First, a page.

The four guys who have made the NCAA Final Four know the feeling of NCAA Tournament disappointment.
LOUISVILLE, Ky. (WDRB) – The four coaches taking their basketball teams to Atlanta will conduct their first round of NCAA Final Four press conferences on Monday.
They'll discuss how they got their teams playing their best basketball of the season. The adjustments they made and the inspiring words they spoke. The players that launched the extra shots and the ones that put their egos aside to play off the bench.
But as Louisville coach Rick Pitino has said all season, sometimes these guys make all the right moves and sometimes the cake collapses or the cigar blows up in their faces.
Don't believe me?
You should. Five seconds ago these Final Four coaches were the Faulted Four coaches.
I'll start with Syracuse coach Jim Boeheim. He's the one who is already in the Hall of Fame while ringing up more than 900 victories.
Check Boeheim's record over the last decade. Nobody has spent more time in post-game press conferences explaining why the Orange lost to teams with lower seeds – to Alabama in 2004 (5 losing to 8); to Vermont (4 losing to a 13 in 2005), to Texas A&M (and Billy Gillispie) in 2006.
Who's responsible for The Butler Way?
His top-seeded Syracuse team bobbled away a game against the fifth-seeded Bulldogs in 2010. Heck, it was only a year ago that Boeheim had Dion Waiters, the fourth pick in the NBA Draft on his roster. NBA opponents can't stop Waiters He's averaging 14.7 points per game. Boeheim stopped him. Waiters averaged 12.6 for Syracuse last season.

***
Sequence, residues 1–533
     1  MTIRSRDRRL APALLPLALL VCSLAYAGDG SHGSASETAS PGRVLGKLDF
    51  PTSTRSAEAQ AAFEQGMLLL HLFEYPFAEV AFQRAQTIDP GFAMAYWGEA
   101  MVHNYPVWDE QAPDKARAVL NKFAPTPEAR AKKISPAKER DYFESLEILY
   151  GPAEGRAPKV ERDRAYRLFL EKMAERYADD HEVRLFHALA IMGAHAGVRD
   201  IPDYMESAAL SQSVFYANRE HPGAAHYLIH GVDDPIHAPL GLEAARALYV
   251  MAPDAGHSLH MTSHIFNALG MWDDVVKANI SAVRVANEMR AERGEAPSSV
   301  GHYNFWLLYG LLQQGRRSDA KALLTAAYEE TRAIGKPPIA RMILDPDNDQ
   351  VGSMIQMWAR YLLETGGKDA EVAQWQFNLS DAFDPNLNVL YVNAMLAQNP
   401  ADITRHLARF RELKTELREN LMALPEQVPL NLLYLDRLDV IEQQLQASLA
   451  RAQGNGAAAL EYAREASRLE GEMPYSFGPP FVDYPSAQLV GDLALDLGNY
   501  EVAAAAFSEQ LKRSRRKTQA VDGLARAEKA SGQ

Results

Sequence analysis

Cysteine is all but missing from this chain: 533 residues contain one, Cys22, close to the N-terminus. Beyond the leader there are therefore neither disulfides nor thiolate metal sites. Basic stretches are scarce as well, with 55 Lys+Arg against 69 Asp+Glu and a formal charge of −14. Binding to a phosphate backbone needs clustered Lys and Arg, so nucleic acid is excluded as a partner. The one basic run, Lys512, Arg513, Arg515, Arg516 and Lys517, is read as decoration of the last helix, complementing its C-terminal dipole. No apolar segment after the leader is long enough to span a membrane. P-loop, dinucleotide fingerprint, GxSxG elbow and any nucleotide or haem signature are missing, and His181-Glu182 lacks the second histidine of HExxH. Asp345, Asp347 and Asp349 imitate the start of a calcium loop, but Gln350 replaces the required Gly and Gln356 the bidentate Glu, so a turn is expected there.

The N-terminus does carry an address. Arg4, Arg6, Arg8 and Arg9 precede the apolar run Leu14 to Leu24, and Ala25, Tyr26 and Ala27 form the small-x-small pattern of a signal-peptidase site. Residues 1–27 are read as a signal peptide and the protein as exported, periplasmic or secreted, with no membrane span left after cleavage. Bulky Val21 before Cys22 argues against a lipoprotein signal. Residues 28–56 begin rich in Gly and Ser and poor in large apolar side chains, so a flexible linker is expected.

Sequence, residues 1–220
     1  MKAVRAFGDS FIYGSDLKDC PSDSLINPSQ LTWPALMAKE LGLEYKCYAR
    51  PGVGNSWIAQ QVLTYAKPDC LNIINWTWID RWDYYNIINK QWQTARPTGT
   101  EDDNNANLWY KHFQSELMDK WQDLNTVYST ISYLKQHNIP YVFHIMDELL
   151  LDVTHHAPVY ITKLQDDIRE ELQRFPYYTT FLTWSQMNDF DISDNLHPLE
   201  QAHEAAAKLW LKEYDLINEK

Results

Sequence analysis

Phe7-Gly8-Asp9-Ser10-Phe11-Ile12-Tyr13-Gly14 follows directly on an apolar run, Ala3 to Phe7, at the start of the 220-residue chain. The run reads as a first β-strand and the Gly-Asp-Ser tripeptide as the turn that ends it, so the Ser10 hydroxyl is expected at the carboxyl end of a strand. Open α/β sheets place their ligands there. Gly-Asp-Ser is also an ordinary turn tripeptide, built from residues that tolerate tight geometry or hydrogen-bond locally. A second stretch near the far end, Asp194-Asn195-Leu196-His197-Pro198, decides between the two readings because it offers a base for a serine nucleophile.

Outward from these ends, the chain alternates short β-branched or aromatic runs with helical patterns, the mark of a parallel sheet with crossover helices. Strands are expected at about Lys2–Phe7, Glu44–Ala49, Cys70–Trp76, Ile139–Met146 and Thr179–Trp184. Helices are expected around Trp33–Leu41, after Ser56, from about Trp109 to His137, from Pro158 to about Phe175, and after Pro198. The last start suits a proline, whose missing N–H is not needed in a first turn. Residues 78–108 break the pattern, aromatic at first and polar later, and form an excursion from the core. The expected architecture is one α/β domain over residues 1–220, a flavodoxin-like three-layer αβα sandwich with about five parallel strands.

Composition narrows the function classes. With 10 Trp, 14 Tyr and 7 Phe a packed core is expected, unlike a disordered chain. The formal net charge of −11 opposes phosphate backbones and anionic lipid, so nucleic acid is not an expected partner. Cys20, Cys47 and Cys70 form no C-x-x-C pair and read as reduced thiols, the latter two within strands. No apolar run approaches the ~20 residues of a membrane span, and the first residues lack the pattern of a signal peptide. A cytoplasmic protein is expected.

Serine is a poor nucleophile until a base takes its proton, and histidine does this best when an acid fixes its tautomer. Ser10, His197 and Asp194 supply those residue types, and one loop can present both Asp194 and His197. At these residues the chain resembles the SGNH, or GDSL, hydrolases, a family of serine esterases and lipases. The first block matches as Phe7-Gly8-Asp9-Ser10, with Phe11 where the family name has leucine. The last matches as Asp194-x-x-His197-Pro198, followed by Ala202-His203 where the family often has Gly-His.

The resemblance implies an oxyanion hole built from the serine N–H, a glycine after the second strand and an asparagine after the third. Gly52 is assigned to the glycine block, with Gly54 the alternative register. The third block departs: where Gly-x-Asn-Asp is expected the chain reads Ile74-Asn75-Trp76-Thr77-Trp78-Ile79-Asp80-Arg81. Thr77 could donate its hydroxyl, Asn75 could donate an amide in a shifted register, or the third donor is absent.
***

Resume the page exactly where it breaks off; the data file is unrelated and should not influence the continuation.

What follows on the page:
Now Boeheim is going to the Final Four. He's back in Genius Mode.
How about Pitino? You know his story well. This is his seventh trip to the Final Four. Only John Wooden, Mike Krzyzewski and Dean Smith can top that number. Pitino is primed to become the first coach to win an NCAA basketball title at two schools and on April 8, championship Monday, Pitino figures to get the news that he has been voted into the Naismith Basketball Hall of Fame.
It's more than deserved. It's overdue.
And Pitino will be the first to tell you that he is the same coach whose team lost its first NCAA Tournament game to Morehead State in 2011 and California in 2010.
John Beilein of Michigan knows something about first-round losses. A year ago you could have called him First-Round John. He coached a Michigan team that had a fabulous season – until the Wolverines arrived in the NCAA Tournament.
Then Michigan lost to Ohio University, a 13-seed, in the Wolverines' opening game.
They weren't calling Beilein a genius after that game. They were wondering if his style of offense, so dependent upon three-point shooting, would transfer to big-time tournament success.
Then there is Gregg Marshall, the up-and-comer at Wichita State. What a fabulous job he has done, toppling Gonzaga (a one seed) and Ohio State (a two seed) while guiding the Shockers through the West Regional.
Have you checked Gregg Marshall's NCAA Tournament record prior to his season?
Eight appearances. Eight defeats. One victory. That's right – 1-8.
Yes, I know that Marshall coached most of those games at Winthrop University, a small school in Rock Hill, S.C. that always played against an opponent with a higher seed.
Except that not all of Marshall's NCAA experience came at Winthrop. Many will tell you that a year ago Gregg Marshall actually put together a better team at Wichita State.
The NCAA seems to agree. This Shockers' Final Four team is a nine-seed. A year ago Wichita State was a five-seed – and lost its first-round NCAA game to Virginia Commonwealth, a 12-seed.
With Gregg Marshall as its coach.
This season, Jim Boeheim, Rick Pitino, John Beilein and Gregg Marshall are going to the Final Four. Ten minutes ago they were the Faulted Four. Just ask them.